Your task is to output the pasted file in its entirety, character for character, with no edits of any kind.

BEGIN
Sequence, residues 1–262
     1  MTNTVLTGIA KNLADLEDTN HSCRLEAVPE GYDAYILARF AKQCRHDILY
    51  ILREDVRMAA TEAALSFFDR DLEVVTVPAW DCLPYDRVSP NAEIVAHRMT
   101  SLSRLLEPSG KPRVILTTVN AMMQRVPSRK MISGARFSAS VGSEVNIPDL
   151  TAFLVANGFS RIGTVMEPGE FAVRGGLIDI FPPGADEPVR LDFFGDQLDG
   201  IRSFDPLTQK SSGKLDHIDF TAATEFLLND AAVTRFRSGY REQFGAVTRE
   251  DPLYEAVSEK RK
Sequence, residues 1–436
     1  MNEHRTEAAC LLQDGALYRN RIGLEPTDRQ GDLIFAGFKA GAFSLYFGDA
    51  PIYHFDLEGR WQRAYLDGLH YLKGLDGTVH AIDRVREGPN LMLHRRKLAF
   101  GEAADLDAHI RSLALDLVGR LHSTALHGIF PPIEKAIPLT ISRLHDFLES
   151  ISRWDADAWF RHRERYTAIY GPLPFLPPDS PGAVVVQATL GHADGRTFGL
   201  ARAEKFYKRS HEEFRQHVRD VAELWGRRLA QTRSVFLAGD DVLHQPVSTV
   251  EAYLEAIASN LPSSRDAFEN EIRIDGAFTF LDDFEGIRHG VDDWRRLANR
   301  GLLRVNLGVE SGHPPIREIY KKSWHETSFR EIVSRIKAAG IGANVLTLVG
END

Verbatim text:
Sequence, residues 1–262
     1  MTNTVLTGIA KNLADLEDTN HSCRLEAVPE GYDAYILARF AKQCRHDILY
    51  ILREDVRMAA TEAALSFFDR DLEVVTVPAW DCLPYDRVSP NAEIVAHRMT
   101  SLSRLLEPSG KPRVILTTVN AMMQRVPSRK MISGARFSAS VGSEVNIPDL
   151  TAFLVANGFS RIGTVMEPGE FAVRGGLIDI FPPGADEPVR LDFFGDQLDG
   201  IRSFDPLTQK SSGKLDHIDF TAATEFLLND AAVTRFRSGY REQFGAVTRE
   251  DPLYEAVSEK RK
Sequence, residues 1–436
     1  MNEHRTEAAC LLQDGALYRN RIGLEPTDRQ GDLIFAGFKA GAFSLYFGDA
    51  PIYHFDLEGR WQRAYLDGLH YLKGLDGTVH AIDRVREGPN LMLHRRKLAF
   101  GEAADLDAHI RSLALDLVGR LHSTALHGIF PPIEKAIPLT ISRLHDFLES
   151  ISRWDADAWF RHRERYTAIY GPLPFLPPDS PGAVVVQATL GHADGRTFGL
   201  ARAEKFYKRS HEEFRQHVRD VAELWGRRLA QTRSVFLAGD DVLHQPVSTV
   251  EAYLEAIASN LPSSRDAFEN EIRIDGAFTF LDDFEGIRHG VDDWRRLANR
   301  GLLRVNLGVE SGHPPIREIY KKSWHETSFR EIVSRIKAAG IGANVLTLVG